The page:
Parameter estimation of network structures with application to vascular networks
Jenny Espelund Hognestad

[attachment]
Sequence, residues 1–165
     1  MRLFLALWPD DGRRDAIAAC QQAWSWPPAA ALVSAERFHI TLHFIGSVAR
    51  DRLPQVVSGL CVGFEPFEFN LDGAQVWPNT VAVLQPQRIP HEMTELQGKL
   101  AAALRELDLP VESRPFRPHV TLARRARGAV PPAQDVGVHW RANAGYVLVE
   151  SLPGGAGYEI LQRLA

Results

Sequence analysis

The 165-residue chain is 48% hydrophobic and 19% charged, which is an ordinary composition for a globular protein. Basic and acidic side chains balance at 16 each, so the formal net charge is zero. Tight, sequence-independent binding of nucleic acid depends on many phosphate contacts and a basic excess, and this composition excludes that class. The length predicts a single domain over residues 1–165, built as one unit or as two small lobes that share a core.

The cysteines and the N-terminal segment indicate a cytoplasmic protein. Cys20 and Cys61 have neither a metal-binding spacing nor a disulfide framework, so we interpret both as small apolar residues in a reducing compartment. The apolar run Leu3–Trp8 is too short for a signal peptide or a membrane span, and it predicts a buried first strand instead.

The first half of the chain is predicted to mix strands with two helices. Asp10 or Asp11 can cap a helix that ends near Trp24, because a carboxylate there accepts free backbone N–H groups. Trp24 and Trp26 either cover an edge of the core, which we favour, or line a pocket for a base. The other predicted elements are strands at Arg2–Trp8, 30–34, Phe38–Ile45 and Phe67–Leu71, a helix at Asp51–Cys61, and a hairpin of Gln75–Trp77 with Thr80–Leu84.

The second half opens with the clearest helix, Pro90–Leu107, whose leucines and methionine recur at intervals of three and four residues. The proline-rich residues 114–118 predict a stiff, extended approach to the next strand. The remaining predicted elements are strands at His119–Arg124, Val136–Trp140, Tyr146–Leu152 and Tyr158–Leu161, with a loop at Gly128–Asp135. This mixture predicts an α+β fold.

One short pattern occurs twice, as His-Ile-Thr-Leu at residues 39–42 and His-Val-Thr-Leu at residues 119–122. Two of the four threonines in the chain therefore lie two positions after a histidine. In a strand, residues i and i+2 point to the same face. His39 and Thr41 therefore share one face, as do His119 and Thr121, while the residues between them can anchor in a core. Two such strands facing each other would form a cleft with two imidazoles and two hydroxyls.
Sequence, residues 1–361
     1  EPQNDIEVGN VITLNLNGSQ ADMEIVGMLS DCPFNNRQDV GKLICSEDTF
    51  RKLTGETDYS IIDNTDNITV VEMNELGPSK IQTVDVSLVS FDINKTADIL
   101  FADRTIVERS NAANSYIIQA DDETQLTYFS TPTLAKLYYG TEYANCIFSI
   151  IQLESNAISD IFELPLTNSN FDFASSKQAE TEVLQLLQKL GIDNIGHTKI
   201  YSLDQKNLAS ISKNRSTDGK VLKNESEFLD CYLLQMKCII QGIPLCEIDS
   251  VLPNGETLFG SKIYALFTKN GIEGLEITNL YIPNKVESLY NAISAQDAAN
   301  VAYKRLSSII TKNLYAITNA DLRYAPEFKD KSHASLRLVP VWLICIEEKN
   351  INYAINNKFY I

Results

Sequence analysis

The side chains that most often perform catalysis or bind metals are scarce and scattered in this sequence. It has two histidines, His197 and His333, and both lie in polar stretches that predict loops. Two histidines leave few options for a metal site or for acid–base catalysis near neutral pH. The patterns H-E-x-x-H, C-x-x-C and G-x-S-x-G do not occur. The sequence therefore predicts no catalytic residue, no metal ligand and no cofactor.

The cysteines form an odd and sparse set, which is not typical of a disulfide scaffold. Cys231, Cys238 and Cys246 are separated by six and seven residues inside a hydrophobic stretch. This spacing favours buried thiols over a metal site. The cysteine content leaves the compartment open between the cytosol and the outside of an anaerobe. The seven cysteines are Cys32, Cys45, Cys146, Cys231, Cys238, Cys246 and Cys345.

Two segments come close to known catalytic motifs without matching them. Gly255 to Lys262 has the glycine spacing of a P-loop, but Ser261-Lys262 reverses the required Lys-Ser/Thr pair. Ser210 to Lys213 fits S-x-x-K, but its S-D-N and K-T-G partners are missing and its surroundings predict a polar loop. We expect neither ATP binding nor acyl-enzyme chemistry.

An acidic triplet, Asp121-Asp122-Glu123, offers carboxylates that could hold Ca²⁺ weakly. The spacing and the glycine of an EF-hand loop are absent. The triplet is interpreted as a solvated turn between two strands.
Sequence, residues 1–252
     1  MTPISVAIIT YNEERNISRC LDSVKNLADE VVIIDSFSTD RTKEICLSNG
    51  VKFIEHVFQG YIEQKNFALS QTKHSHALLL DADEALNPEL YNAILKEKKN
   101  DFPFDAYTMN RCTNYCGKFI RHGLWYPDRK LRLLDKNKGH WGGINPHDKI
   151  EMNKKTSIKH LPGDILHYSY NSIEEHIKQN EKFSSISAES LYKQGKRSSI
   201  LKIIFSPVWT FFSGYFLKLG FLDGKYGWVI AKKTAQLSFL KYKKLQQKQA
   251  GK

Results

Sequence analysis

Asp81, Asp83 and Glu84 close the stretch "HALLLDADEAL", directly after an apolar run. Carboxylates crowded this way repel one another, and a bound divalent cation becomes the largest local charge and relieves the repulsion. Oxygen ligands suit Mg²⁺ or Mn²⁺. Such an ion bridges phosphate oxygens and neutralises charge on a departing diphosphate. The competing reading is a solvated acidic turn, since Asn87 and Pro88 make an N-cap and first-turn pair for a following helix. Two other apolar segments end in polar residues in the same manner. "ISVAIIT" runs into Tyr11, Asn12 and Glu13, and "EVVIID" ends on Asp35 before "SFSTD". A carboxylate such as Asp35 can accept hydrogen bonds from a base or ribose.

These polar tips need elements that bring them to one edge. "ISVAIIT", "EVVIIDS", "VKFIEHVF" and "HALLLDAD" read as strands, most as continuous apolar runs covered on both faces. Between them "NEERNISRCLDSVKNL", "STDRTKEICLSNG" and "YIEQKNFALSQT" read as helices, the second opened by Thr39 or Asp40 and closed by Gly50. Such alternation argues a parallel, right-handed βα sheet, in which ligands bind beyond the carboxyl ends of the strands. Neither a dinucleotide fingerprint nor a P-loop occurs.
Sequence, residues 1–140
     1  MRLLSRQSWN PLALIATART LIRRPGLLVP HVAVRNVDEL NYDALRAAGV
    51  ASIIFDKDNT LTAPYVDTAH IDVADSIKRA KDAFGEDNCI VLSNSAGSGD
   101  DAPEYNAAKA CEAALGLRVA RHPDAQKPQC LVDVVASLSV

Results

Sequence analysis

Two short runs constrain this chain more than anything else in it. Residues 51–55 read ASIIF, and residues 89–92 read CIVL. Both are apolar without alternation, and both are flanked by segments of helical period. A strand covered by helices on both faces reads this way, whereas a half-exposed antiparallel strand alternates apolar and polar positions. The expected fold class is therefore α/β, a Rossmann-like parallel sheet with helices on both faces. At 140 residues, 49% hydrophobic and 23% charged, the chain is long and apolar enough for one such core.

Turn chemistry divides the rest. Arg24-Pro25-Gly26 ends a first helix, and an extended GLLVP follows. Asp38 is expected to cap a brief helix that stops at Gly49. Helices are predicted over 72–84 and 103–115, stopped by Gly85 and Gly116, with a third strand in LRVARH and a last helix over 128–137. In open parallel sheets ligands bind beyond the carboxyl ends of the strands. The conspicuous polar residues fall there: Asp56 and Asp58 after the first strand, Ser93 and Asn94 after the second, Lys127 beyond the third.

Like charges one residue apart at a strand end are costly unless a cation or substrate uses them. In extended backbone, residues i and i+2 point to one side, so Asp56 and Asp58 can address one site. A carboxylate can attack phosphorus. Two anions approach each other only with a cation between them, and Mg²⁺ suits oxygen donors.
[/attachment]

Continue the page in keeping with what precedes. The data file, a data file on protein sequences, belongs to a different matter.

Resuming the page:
The complex and hierarchical structure of the vascular system constitutes a main challenge in blood flow modelling, to which multiscale modelling has been a common approach. Recent publications suggest to represent large vessels as a graph structure with Hagen-Poiseuille flow in graph edges, and the intricate mesh of microscale capillaries as a porous medium with Darcy flow. However, a coupling between scales that is both mathematically and physiologically sound remains a challenge. Due to limited resolution in medical imaging devices, there is a large number of vessels below the scale of pixel size whose structure is unknown. Hence, we can only make structural and modeling assumptions about the flow distribution from macroscale to microscale vessels. In this thesis, we have investigated whether a complex network may be replaced by a simplified, coarse model with a fewer model parameters, hoping to eliminate the need to know the exact mesoscale network structure. In this respect, we estimated a set of transfer conductivity parameters on three different graph structures. A coarse network approximation based on the estimated transfer conductivity was used in an idealized model for arterial flow in brain, and compared with a reference model where the mesoscale network was represented as a graph model. The transfer conductivity decreased with radial distance R from the source node when the flow path length was associated with R. For the coarse model, we found the error to be small for all three graph structures given small pressure gradients in the porous domain. We also found the transfer conductivity to be highly dependent on the conductivity of single graph edges. Our study confirms modeling assumptions about the flow distribution being dependent on radial distance from the source node. However, the exact functional relationship will depend on the network structure. Moreover, since a significant portion of the pressure drop in the brain vasculature is over the arterioles and venules, and not in the capillaries, we claim that our coarse model can be sufficiently accurate for modelling purposes. Finally, the single graph edge influence on transfer conductivity suggests that a coarse model in the context of parameter estimation may be used for diagnostic purposes, as several medical conditions involve changes in brain vascular microstructure.